BJ Penn on The Issues That Made Him Run for Governor of Hawaii


1 year ago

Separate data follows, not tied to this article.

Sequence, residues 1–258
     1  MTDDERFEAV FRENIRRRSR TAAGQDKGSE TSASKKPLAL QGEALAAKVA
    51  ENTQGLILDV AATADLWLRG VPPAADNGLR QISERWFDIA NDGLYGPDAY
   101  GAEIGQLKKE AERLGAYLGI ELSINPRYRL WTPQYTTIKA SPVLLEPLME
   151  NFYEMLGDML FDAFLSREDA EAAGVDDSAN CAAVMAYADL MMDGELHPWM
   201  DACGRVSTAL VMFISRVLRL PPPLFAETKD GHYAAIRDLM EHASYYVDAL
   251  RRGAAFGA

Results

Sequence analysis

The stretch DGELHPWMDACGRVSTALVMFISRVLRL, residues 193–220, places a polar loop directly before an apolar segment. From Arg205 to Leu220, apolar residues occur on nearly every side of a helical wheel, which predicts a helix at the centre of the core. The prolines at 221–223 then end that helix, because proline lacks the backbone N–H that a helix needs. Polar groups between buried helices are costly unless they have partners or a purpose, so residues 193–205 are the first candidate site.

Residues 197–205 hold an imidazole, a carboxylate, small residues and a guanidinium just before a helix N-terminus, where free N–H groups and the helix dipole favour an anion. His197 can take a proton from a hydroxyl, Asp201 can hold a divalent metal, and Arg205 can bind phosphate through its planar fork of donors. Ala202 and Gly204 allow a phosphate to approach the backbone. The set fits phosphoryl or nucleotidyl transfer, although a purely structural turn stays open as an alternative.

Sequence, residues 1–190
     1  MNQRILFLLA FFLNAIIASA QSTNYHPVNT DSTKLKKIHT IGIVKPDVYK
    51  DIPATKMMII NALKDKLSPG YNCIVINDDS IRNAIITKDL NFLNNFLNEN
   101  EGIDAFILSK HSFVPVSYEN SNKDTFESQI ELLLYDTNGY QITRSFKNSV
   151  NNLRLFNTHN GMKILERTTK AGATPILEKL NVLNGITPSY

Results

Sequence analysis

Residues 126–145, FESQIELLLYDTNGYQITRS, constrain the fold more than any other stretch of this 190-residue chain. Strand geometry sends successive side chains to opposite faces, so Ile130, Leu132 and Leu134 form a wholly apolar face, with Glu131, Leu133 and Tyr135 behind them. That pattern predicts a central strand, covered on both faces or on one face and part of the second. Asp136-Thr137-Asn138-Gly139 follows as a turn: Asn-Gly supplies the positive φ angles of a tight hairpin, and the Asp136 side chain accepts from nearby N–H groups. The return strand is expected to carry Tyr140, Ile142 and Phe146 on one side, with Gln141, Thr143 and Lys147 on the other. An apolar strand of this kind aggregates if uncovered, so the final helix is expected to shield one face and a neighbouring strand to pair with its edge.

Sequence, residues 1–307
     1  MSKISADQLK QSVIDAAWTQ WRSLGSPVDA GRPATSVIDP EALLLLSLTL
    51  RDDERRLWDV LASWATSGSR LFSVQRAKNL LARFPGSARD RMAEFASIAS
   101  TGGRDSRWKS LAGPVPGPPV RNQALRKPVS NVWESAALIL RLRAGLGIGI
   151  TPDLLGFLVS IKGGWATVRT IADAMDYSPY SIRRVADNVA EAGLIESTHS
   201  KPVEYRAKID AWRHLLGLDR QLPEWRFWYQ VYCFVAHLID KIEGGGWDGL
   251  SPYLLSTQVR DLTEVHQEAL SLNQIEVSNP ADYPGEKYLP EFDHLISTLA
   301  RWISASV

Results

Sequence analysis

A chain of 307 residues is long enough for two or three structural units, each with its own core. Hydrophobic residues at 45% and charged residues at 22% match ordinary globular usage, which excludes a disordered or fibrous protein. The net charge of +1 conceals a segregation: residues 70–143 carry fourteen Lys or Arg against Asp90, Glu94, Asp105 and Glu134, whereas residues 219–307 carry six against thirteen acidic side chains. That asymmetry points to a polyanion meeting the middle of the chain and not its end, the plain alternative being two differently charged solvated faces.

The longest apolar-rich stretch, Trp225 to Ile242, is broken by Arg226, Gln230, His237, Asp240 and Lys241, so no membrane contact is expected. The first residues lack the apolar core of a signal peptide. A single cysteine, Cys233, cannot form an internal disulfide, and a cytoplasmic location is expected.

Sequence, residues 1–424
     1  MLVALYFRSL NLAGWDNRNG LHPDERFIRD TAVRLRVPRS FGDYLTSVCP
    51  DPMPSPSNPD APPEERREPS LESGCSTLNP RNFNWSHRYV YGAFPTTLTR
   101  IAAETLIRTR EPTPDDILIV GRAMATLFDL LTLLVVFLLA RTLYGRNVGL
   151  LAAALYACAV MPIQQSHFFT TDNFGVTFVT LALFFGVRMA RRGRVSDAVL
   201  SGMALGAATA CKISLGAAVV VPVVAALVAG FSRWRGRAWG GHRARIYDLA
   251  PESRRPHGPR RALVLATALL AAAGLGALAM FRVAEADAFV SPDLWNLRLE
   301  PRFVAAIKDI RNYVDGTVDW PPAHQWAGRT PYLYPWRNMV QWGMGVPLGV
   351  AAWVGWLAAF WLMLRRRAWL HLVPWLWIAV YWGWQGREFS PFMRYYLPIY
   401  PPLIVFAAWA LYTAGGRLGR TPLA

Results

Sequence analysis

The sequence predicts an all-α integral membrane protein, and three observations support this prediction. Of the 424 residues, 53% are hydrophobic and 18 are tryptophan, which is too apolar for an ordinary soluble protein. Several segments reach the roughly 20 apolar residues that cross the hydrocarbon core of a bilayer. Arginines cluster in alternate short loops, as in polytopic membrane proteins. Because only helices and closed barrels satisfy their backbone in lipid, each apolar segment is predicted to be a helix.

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I was so enthusiastic about this and I said, people say don't talk about it, but I said no I'm not here to take the people's money. The money that comes in from the government, I want to put it to programs and I want to make this government, this governor's administration as powerful as it can possibly be. And I want to, you know, it's about holding on to that power too. I've only planned to run for one term because I'm not here to be, I want to be with the people. The manna is with the people. We have the power. I want to be with the people. I'm only planning on going in for one term. Can I ask you this though? What if you don't accomplish everything you want to get done in one term? What if it's more difficult to get through the maze of bureaucracy? I'm here to work with that. I want a strong lieutenant governor. I have the lieutenant governors that I see that are coming in. I want to work well with everybody and endorse who I have to. If the people need me and they say, BJ, let's do it. We need you one more time. Of course I'm going to come and stand up for the people. You know, and that's why I have no problem even doing this in the first place. I would have never had the life that I had if the people of Hawaii didn't support me the way they did. I would have never got to this success and all of these things. I didn't win every fight. I would come home with my face beaten and battered and the people from Hawaii, the people of Hawaii would say, hey, you got to fight again, BJ. You can do it. You're our hero. Come on. Let's show them. You can show all the kids, show everybody. Don't mess with Hawaiians. You know, we can do this. And they've always stood behind me. And I got no problem doing this for them. And it's for our children and for everybody. So I'm just, you know, I'm in and they're going to keep coming after me. They're going to keep throwing whatever they can at me. And let's go. Let's go. BJ, you got to get together with Jerry, with Jesse Ventura. I, yes. I need, I need to talk to, I was, I had it in mind, Jesse the body and Hawaii's got so many different problems with our housing problem, our energy problems. Now everything with the gas and I really want to invite Elon Musk to come over and see if he could help us with Hawaii because it's, it's a landlocked state and you know, everything comes in off the boat and you got everybody talking about the Jones Act. You know what the Jones Act is? No, it's a Jones Act. That's an act that makes all international boats go to California first before they come to Hawaii. They can't just come to Hawaii. This was made back when Hawaii was a territory. So all kinds of different things that a lot of different people talk about, you know, so inefficient. They, they, you know, Hawaii is the most unionized state, but our families all work in those unions. We're all together. So we all have to figure out how to update all of these different things and make them work properly. Do we just bring the boats from, do we, do we build our docks bigger so they can take international boats, but just have our unions be the ones to take, to take all the stuff off their boat. Do you think unions still, you know, control the docks and not other people, not international people controlling our docks? Because of course we want our people from home. Those are our cousins. Those are our family, you know, so whatever, you know, you hear all kinds of different stuff from, you know, the big things in Hawaii right now, the housing, the rising cost of living, you know, the education and, and the, the, this, the rising cost of living is, is what's killing everybody right now. And, and, and we, we have no self sustainability, you know, you see, you know how big the big island is. I believe we could do the right thing. And you know, from, from Waialuku River to Waipio Valley, that's 50 miles of water and farmland. And they're talking about growing a hundred million trees for the climate. I'm saying every tree better have fruit on it then every tree better have food on it. You know, we're stuck dependent on a boat coming in and out and even more, we have to protect our waters. You know, all the water is held in perpetuity to the people of Hawaii, but we almost need to go one step further and, and make it a national treasure. I didn't say a federal treasure. I said a national treasure to the people where you can't just start diverting waters and doing all these things. And I mean, you take half the water from a stream coming down, you kill half the life that was around in that stream, you know, and these are all things that I've seen growing up and that we have to think about our, our sustainability and sustainability, right? Sustain is you're staying in the same place. We need to thrive. We need to move forward. The airplanes come in full. They drop everything off and they go back empty. Why? Why? Why does that happen? It doesn't make any sense. How much change would have to be done for Hawaii to be completely self sustainable? Like, like what kind of industries would you have to put there? Or you never have to get anything off of a boat. Is that even possible? Well, I don't know what, but we would have to figure out what we're going to do with petroleum. But that's, that's why I want to talk to people like, like Elon, you know, that's why I want to people who know different things. You got a lot of sun, but I think solar in its current form. We got a lot of sun. We got a lot of sun. I think solar in its current form is great, but I don't think it's really capable of running a whole city yet. You know? We got a, I don't, I don't know what we have out there. You know, we have to figure out, I mean, the gas is expensive. The gas is expensive in Hilo. Yeah. Gas is expensive everywhere. It's weird. I've never been able to understand that. Right. Is that, did the oil disappear overnight? Where did it go? Where did it all go? You know what you want there? Somebody tried to explain it to me and I glazed over. I was like, I can't pay attention to that. Whenever we go to any of the, like, there's a lot of, like, speaking meetings, right? And I think, hey, this is some real mixed martial arts, this stuff. Because not only do you have to know what you got to do when you get in, well, there's a lot of black and white stuff and that's like freedoms or like basic stuff. And then there's state budgets. You know what I mean? That gets great. Yeah. Great areas. You know, that's where you got to have a lot of people helping you out. You know what I mean? Right.